His relatively enjoyable task experience was corroborated by the interview. Travis repeatedly attributed his positive emotions to the personal nature of the topic. In one instance, he explained that he is “currently living with a foreign roommate”—a situation which provided him with ideas he could draw on to use in the task, which generated a spike in enjoyment, decrease in anxiety, and a decrease in breakdown fluency (63–77-s):

… is that (0.49) there’s a policy that can apply in the student residence (0.38) which is to (1.53) um (0.80) ask (0.33) the international students to be allocated with (0.86) one local students.

He explained that the personal nature of this speech segment led to a positive emotional response:

I am totally talking about my personal experience, and I am confident in delivering that- it’s because that’s what we are trying to do in the residence.

Travis also described his appropriate word choices as influencing feelings of enjoyment. He referred to the following speech segment (14–28 s) which coincided with high enjoyment and low anxiety:

… in Hong Kong (1.33) actually so many so called, like, (1.27) multi-cultural university, (0.51) the international students and the local students just couldn’t (0.60) mingle together.

Travis noted that he “used the word ‘mingle.”’ This was significant because it was a word he would not normally use, yet he found it matched his idea well. He rated this moment highly enjoyable as it engendered a sense of satisfaction and pride.

Travis also provided insight into instances where he felt both enjoyment and anxiety simultaneously. Referring to the period 42–49 s, he commented:

I think I am quite satisfied with my delivering of the idea but at the same time I was thinking ‘oh I couldn’t talk about the cultural part’… I planned about saying this….so it gave me the mix of enjoyment and anxiety… I wanted to talk more but I don’t have the time.

Travis thus connected positive emotion to confidently and fluently expressing the idea, but also felt negative emotions associated with regret for not having time to express another planned idea.

The sole instance he felt highly anxious was during the following 142–149-s speech segment:

… just kind of mandatory for them to (1.26) to- (1.00) to try to understand more about.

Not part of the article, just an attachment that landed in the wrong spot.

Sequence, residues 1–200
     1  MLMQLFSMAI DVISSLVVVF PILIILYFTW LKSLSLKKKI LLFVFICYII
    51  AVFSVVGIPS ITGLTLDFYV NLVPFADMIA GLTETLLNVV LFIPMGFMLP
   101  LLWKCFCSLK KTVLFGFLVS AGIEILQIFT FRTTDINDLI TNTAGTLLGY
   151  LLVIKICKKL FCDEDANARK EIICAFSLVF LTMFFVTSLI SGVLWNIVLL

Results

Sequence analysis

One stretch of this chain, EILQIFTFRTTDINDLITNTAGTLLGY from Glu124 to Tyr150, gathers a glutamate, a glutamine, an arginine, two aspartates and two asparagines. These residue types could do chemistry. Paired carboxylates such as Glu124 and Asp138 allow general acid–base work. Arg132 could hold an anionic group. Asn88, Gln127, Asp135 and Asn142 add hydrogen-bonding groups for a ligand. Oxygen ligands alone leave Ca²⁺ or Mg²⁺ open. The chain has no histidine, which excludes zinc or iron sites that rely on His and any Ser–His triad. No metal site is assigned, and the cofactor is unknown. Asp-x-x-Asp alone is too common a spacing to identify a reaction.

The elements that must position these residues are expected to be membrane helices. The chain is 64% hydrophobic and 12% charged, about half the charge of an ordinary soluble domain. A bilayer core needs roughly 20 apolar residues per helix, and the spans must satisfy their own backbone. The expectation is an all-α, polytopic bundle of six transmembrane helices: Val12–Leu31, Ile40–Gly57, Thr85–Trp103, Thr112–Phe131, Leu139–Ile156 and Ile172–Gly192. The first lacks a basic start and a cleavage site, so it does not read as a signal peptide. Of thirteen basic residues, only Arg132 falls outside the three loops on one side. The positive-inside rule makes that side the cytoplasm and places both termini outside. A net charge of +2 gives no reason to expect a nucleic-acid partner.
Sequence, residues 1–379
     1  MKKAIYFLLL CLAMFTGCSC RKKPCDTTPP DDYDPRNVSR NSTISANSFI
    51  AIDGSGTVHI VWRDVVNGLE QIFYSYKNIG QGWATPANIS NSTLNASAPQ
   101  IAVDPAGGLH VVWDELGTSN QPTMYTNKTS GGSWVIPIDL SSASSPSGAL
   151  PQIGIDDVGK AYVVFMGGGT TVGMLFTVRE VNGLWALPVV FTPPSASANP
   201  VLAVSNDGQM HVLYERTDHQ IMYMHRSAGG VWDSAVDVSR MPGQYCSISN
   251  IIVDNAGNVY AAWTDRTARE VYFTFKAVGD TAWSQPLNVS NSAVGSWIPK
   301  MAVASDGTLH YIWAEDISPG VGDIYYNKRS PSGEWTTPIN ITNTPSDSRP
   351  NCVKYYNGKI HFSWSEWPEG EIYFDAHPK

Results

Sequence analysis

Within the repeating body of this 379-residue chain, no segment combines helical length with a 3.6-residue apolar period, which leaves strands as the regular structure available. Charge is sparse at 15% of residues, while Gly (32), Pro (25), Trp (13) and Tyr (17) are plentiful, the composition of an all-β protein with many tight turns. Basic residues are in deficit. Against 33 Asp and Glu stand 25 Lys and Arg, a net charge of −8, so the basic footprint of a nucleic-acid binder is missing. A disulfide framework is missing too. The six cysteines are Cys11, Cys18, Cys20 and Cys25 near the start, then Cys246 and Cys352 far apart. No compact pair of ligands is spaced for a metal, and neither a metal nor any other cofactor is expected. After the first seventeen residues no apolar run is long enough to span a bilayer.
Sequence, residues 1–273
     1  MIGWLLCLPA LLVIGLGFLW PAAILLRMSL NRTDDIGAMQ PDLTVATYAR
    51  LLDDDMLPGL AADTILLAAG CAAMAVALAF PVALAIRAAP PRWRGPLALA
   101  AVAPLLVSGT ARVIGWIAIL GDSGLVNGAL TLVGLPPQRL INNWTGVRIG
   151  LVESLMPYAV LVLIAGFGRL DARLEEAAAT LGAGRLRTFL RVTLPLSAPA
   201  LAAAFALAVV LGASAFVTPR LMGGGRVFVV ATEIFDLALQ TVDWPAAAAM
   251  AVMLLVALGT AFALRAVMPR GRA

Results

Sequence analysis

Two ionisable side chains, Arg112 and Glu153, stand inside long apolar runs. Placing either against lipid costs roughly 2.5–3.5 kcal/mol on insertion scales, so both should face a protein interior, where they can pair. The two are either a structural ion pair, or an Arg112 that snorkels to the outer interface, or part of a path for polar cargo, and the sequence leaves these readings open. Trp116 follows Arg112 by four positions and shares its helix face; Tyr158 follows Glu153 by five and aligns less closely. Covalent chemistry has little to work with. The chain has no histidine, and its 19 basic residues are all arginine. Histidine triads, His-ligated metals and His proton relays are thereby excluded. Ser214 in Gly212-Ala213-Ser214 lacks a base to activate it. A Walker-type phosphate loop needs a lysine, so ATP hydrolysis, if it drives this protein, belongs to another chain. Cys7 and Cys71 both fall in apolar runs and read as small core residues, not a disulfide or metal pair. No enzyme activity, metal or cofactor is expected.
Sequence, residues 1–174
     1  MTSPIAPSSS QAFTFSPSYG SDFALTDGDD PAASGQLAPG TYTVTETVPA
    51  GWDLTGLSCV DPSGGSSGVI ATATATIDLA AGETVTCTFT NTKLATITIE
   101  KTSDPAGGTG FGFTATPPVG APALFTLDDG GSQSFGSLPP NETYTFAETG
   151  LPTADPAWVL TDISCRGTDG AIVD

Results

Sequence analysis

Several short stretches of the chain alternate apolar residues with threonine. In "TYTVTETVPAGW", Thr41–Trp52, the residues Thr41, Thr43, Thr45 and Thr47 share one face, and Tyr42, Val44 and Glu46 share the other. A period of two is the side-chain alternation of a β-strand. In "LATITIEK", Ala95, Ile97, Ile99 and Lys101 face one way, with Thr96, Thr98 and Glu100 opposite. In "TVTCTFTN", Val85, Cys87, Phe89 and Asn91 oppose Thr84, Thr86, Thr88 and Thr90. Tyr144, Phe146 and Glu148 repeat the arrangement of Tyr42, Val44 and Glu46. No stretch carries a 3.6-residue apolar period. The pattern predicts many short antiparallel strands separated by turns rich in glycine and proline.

His explanation for anxiety echoed other participants’ reasons related to an inability to retrieve lexis: “I think during that part I was hesitant because I couldn’t find the right word.”

A summary of reasons provided by each participant for changes in emotional levels during the task, as well as the corresponding directions of emotion and breakdown fluency change, is given in Table 3.


Table 3. Perceived factors leading to change in emotions and breakdown fluency during the task.


The first research question asked about the intra-individual relationships between emotions and breakdown fluency. Three out of four learners (Isabel, Diana, Brenda) exhibited significant positive correlations between anxiety and breakdown fluency (see Table 2). This not only suggests that, for most learners, anxiety was debilitating for language performance (Horwitz, 2010; Gregersen and MacIntyre, 2014), but that momentary increases in anxiety tended to lead to momentary increases in length of pauses (and vice versa) during speaking tasks. Compared to anxiety, the relationship between enjoyment and breakdown fluency was weak, as only one learner (Isabel) exhibited a significant negative relationship (see Table 2). Isabel’s feelings of enjoyment might have fostered a more open, less inhibited state (Fredrickson, 2004) that coincided with less hesitant speech. However, for most learners, a diverse set of factors—not directly related to breakdown fluency—may have been behind changes in enjoyment during tasks. Similarly, Isabel was the only learner who exhibited a significant negative correlation between anxiety and enjoyment (see Table 2). This is consistent with the notion that anxiety and enjoyment are independent emotions that do not always change together in a “see-saw fashion” (Dewaele and Pavelescu, 2021), even at a per-second timescale during short communication tasks (Boudreau et al., 2018). The substantial variation in the strength of correlations between learners suggests that, even when learners are exposed to the same task, they each have unique emotional task experiences.